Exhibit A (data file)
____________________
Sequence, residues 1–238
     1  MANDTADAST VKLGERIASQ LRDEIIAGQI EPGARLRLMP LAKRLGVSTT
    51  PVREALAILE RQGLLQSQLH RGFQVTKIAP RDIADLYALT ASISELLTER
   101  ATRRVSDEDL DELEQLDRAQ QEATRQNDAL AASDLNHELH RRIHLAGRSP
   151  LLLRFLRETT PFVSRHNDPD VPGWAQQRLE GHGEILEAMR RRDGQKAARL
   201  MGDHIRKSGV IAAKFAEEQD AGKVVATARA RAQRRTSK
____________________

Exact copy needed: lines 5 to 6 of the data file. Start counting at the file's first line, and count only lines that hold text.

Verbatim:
   151  LLLRFLRETT PFVSRHNDPD VPGWAQQRLE GHGEILEAMR RRDGQKAARL
   201  MGDHIRKSGV IAAKFAEEQD AGKVVATARA RAQRRTSK